Another element that aided the weaving of this complex tale is the simple fact that not every character is aware of what’s happening to others. Though Edward and Alphonse make tremendous headway on the secret of the Philospher’s Stone, Mustang is largely unaware of their exploits until informed. Likewise, the Elric brothers remain in the dark regarding Mustang’s plans, discovering their extent only when they cross over with their story. A painful example of this lack of absolute contact comes with the death of Hughes. Not only are Edward, Alphonse and Winry unaware of this tragic event, Mustang’s attempt to cover up his absence with a lie of retirement is immediately shattered by Ross, having had no idea the brothers were lied to. A true mess of good intentions, it is a defining moment that showcases how characters, by and large, are not inherently aware of all we know as an audience. Heck, Edward never finds out that Winry is the reason his arm broke in the Fifth Laboratory and that almost killed him. Now that I think about it, Brosch also remains in the dark until the end of the series, believing his friend was brutally murdered by Mustang all the while…so that has to suck. A tremendous number of people also never find out the truth of the homunculi and believe a simple military coup is the reason for Amestris’ near-destruction. And when a nationwide coup is considered simple…
Another facet of this narrative I would like to call attention to is something which, if handled poorly, can seem cheap and negatively impact the unfolding of events: coincidence. In many stories, characters cross paths and perform actions that have no reason other than to involve others in their tale. Bad guys assault a location that just so happens to hold a protagonist’s friend, heroes just so happen to stumble upon villains in the act of evil, somebody trips over a loose carpet and accidentally crashes into a bookshelf that holds a magic tome with knowledge crucial to the plot at that exact moment; you know, common occurrences. Nothing in this series is an accident. Everybody enters the fray with motivation and purpose, with their every movement intended to help them reach their goal. It gives off the vibe that a far larger plan is in play from the onset of the series…which is true. Nearly everything is planned and the moments that aren’t are absorbed into the plot already in motion. Father didn’t care about the Elric brothers, they just happened to perform human transmutation. Yes, it’s coincidental that they happened to be Hohenheim’s children, but compared to everything else in this series, I’m willing to stomach that. The only other major coincidence I can think of revolves around Scar and Winry’s parents, though the manner in which that is handled makes for a truly powerful moment; thus, I am again willing to accept that sometimes the universe is simply smaller than we believe…and just a little bit of a jerk.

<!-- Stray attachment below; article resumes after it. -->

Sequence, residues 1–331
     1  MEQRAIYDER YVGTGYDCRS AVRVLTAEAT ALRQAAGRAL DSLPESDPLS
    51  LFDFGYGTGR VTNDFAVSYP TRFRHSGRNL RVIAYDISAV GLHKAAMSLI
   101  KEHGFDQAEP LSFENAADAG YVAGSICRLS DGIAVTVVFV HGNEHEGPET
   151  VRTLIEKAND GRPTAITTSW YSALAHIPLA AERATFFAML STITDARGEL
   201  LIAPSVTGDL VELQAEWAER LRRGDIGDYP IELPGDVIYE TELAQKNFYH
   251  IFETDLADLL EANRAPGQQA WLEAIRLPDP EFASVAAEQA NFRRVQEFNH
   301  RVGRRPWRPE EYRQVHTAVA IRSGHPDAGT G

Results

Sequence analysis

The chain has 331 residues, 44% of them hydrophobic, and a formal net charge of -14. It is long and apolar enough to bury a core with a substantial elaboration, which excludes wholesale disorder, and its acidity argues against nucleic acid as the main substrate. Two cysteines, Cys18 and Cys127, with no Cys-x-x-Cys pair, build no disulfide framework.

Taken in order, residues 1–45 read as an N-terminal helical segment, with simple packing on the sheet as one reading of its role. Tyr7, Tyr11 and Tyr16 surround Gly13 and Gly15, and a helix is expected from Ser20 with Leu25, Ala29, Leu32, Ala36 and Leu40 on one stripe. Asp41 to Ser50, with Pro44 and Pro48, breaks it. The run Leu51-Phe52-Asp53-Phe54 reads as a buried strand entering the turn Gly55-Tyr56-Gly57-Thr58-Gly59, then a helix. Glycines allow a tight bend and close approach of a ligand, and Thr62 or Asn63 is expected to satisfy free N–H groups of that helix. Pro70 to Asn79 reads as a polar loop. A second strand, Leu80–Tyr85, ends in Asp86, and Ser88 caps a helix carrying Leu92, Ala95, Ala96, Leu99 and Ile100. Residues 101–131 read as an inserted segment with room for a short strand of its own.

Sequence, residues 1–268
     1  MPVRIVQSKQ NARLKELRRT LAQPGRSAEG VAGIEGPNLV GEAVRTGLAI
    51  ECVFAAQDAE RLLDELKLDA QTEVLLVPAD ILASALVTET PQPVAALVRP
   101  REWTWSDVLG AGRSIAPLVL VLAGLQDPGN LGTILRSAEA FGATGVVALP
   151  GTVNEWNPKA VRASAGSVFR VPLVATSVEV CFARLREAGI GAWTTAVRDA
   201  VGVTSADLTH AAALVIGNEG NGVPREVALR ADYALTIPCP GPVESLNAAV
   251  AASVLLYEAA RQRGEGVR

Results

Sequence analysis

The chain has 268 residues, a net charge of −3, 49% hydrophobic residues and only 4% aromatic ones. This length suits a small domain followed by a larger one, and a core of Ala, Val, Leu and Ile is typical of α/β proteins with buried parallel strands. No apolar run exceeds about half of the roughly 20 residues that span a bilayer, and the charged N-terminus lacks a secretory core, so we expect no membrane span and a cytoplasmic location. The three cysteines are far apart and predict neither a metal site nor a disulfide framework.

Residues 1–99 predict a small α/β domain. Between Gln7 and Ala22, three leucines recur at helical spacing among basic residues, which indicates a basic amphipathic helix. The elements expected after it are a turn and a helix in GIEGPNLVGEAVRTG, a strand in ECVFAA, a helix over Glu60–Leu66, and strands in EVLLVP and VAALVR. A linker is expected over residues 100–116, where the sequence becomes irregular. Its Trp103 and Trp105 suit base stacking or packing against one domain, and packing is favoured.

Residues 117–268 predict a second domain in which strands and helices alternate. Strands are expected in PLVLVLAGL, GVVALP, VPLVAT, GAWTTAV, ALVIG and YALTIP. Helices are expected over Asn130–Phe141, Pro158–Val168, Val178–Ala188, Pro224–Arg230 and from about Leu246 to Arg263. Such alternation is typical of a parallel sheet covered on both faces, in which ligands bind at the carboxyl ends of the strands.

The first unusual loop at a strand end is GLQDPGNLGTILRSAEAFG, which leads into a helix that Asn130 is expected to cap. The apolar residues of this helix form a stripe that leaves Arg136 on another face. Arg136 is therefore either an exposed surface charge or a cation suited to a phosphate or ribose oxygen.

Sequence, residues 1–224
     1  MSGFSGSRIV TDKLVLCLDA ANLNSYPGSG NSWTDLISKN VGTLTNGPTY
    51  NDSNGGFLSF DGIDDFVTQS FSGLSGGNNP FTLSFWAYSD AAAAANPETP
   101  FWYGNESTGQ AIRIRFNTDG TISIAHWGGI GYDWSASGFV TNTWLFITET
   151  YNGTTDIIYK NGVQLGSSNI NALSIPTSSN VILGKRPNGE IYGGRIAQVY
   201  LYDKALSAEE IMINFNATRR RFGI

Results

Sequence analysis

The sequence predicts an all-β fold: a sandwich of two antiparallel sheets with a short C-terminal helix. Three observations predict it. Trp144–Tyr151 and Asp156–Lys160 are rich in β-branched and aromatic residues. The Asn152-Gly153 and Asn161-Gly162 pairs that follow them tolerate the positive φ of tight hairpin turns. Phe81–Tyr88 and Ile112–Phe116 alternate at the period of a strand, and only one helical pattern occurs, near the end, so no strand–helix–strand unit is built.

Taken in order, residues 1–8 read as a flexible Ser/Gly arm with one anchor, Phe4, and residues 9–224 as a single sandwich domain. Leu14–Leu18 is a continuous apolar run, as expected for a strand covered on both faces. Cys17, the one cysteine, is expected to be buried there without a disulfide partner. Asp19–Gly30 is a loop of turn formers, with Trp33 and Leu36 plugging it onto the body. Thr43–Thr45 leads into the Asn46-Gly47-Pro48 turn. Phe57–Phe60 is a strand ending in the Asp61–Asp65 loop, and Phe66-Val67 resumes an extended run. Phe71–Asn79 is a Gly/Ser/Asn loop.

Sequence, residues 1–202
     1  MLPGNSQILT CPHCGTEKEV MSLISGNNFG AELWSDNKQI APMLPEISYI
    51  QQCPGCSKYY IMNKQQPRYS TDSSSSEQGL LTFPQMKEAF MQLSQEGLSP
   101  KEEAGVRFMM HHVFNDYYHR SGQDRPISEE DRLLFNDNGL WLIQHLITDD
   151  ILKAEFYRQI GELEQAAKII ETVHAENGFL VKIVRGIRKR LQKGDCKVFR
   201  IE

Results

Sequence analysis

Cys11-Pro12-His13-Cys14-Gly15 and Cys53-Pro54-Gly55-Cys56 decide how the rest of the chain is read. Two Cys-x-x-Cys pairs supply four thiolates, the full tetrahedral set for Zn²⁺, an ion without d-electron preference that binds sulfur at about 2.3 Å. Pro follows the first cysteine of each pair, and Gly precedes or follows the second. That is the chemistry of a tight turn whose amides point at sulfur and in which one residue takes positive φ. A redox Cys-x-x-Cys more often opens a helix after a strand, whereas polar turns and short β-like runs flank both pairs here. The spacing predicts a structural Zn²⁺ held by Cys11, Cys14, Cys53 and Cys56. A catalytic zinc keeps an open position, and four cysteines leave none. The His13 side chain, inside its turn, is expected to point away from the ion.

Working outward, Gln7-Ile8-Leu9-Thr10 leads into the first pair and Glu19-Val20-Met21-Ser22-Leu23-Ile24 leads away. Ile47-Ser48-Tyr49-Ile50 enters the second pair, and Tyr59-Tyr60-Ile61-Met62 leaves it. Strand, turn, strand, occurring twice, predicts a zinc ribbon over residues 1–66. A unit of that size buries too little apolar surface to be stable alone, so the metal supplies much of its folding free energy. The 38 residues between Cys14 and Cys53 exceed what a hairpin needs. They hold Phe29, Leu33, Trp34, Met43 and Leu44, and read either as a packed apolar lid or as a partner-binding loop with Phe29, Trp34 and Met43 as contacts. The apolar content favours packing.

Fullmetal Alchemist: Brotherhood is an amazing series. I know I’ve said that before, but it remains an inescapable fact of our universe. It is a harsh, painful tale that manages to present all the humour and heart you could desire. Lessons are learned, characters evolve and everything is handled with the realism of humanity. Not all heroes are good, not all monsters are bad and there exists no simple answer for life’s most complex questions. Even history itself is not an absolute truth, with both sides twisting it for their benefit, shaping the opinion of the world in the process. Despite what alchemy may claim, the human experience is not one of equivalent exchange. Some take more than they give and a select few do the opposite. Still, it is from this imbalance that progress is born. If everybody gave ten and asked for ten in return, existence would stagnate and nothing new would be born. And that, my friends, is a lesson that only took the near-destruction of the world to learn…let’s not cut it so close next time, okay?